Delayed enhancement (DE) CMR is the gold standard for detecting irreversibly damaged myocardial tissue (scar) . Yet, direct impact of scar on regional systolic and diastolic left ventricular (LV) function is not well understood. Standard tools for LV velocities (Tissue Doppler Imaging) are limited by poor reproducibility and incomplete assessment of all regions and motion directions. Myocardial CMR velocity mapping (MVM) is reproducible, non-invasive, and allows direct measure of myocardial velocities of all LV motion components in all regions. Here, we analyze effects of LV scar burden on myocardial motion.
CMR (1.5T Avanto, Siemens) with DE-CMR (inversion recovery PSIR) and MVM in 49 patients (age=54±16 years) with cardiomyopathy (n=16), normal myocardium (n=10), inflammatory disease (n=4) ischemic heart disease (n=3), heart failure (n=3), and other (n=13) were acquired in basal, mid-ventricular, and apical short axis orientation during breath hold. DE-CMR: A radiologist assessed whether scar was present in segments from the AHA 16-segment model and classified based on number of segments with scar (no scar=0, low scar=1-2, high scar=3+). MVM: Consisted of black-blood prepared CINE phase-contrast sequence with 3-directional velocity encoding (venc=25cm/s, temporal resolution 25ms; spatial resolution=2.9x2.4mm, slice thickness=8mm, k-t parallel imaging with Rnet=3.6). Data analysis included manual segmentation of LV contours and conversion of measured velocities into radial, rotational, and long-axis velocities. Systolic and diastolic radial and long-axis velocities were derived and mapped on the AHA 16-segment model. Global (average all segments) radial and long-axis velocities were analyzed using t-test.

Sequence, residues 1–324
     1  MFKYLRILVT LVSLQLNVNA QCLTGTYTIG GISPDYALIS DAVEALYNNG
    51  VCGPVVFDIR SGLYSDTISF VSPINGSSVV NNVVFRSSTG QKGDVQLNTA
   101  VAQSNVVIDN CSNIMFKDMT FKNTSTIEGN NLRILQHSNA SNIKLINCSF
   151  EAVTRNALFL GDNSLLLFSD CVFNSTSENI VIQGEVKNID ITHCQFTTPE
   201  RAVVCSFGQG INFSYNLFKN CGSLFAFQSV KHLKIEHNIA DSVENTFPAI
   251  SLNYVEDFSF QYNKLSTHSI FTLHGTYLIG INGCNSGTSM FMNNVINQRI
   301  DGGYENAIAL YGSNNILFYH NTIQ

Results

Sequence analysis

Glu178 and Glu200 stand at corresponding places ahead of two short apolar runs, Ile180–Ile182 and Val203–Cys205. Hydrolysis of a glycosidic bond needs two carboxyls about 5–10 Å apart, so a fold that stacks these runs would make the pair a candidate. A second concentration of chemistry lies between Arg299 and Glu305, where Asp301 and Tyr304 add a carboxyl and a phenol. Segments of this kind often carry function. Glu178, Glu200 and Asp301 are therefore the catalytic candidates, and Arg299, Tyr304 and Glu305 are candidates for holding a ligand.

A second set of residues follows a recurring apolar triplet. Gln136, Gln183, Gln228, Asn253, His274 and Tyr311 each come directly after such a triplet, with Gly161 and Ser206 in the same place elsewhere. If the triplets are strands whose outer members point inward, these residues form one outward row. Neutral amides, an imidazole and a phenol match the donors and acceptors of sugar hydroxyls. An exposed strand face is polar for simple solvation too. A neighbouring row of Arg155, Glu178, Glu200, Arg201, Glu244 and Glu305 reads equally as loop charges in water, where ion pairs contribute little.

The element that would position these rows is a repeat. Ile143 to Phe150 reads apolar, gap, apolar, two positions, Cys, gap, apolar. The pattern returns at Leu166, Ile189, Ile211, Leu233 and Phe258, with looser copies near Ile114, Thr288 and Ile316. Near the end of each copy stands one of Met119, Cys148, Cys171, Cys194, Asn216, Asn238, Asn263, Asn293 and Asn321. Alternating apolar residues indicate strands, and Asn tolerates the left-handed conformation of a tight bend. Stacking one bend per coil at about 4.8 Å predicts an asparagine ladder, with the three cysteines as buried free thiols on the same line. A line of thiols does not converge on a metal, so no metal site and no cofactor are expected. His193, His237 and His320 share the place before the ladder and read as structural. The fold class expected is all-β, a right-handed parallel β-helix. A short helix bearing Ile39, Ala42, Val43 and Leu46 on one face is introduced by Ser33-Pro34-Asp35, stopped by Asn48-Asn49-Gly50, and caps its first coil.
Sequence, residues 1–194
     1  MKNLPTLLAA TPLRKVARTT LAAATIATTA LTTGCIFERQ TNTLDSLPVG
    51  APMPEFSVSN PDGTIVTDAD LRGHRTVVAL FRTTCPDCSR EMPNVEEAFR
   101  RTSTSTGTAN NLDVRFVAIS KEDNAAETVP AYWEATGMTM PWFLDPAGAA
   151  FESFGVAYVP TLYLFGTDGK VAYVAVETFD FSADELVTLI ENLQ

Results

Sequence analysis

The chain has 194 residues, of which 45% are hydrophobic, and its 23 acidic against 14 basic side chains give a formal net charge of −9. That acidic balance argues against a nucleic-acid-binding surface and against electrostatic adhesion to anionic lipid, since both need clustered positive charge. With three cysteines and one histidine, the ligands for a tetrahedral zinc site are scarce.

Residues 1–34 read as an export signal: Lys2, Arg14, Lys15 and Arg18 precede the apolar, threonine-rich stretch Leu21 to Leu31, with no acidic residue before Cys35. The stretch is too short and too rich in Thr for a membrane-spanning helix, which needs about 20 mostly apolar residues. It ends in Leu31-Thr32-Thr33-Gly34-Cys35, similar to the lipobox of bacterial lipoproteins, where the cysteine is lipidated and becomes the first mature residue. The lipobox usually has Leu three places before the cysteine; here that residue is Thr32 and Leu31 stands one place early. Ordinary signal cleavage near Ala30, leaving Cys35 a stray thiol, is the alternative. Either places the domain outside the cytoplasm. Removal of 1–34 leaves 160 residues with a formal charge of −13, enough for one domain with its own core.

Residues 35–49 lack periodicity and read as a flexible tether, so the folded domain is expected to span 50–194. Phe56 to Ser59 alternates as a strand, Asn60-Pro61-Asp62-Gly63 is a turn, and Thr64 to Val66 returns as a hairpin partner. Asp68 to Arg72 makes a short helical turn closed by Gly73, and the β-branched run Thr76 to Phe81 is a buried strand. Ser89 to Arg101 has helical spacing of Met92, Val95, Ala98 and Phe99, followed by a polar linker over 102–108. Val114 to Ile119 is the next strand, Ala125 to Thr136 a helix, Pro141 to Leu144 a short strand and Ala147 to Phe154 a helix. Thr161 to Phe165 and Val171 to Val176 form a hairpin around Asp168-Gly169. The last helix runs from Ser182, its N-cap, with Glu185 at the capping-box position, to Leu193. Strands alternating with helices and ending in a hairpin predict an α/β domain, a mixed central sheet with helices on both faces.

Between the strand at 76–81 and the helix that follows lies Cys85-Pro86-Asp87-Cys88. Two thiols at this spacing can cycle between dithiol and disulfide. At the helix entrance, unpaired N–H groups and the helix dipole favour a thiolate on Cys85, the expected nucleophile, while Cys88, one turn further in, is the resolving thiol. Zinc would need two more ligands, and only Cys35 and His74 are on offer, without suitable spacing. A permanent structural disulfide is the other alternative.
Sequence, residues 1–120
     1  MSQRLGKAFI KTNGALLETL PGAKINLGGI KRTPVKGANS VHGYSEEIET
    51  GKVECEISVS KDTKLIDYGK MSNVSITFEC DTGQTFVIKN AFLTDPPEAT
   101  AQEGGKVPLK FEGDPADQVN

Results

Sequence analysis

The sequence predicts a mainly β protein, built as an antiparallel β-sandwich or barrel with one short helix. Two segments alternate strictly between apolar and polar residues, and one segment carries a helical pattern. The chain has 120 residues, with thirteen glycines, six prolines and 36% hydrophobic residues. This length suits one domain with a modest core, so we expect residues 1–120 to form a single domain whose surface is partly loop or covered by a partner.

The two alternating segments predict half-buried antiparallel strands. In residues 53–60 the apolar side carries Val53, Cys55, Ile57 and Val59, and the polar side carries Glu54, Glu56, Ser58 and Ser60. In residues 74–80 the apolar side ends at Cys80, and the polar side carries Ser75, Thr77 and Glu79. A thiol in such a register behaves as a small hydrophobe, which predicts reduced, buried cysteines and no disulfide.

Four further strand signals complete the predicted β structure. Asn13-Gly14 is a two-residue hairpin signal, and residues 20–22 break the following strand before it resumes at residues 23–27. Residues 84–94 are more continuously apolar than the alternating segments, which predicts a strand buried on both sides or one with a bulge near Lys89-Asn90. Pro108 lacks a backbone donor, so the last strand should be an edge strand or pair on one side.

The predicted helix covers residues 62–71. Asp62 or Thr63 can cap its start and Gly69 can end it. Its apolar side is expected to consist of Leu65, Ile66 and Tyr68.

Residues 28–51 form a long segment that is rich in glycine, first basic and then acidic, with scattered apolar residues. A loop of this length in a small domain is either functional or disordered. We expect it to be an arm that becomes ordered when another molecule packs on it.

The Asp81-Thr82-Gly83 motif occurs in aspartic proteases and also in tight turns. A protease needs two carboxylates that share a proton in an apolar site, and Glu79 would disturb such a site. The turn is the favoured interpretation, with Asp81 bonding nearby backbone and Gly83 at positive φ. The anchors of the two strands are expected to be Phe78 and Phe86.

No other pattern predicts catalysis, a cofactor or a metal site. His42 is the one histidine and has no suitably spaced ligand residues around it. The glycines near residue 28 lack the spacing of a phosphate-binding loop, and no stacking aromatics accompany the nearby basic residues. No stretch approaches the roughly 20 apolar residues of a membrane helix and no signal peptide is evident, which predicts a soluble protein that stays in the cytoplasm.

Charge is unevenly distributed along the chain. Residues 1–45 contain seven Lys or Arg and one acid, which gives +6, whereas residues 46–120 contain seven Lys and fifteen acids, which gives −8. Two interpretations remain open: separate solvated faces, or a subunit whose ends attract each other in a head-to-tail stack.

Patients with high scar showed reduced regional peak velocities compared to patients with no and low scar (figure 1). Systolic and diastolic radial velocities (figure 1A) for patients with high scar were reduced in all segments compared to no and low scar groups. Consistently, global peak radial velocities (table 1) were notably reduced for both systole (p<0.0001) and diastole (p=0.003). Also, patients with high and low scar showed significantly different systolic global radial velocities. Changes in regional long-axis velocities (figure 1B) were less evident and clearest in systolic velocities (notably reduced global systolic peak velocities in patients with high scar vs. no scar (p=0.012, table 1)).
Figure 1. Systolic and diastolic left ventricular function in patients without evidence of scar on delayed enhancement MRI (left, no scar, n=25) compared to a group of n=9 patients with low scar burden (evidence of scar –n 1-2 segments) and n=15 patients with high scar burden (evidence of scar in 3 or more segments). The individual plots show the distribution of peak systolic and diastolic radial (A) and long-axis (B) myocardial velocities in the AHA 16-segment model.
Table 1. Global redial and long-axis (± standard deviation) velocities over all segments for each of the patient cohorts. P-values less than 0.05 denote significant differences between cohorts.
DE-CMR and MVM, measuring scar burden and regional myocardial velocities, were co-registered to detect impaired regional myocardial structure and function. Segmental analysis showed significant decreases in mean velocities in patients with high scar indicating a direct relationship between structural damage to the LV and impaired myocardial function. Future work will analyze specific patient groups and assess other changes in velocity markers.
AHA 12GRNT 12080032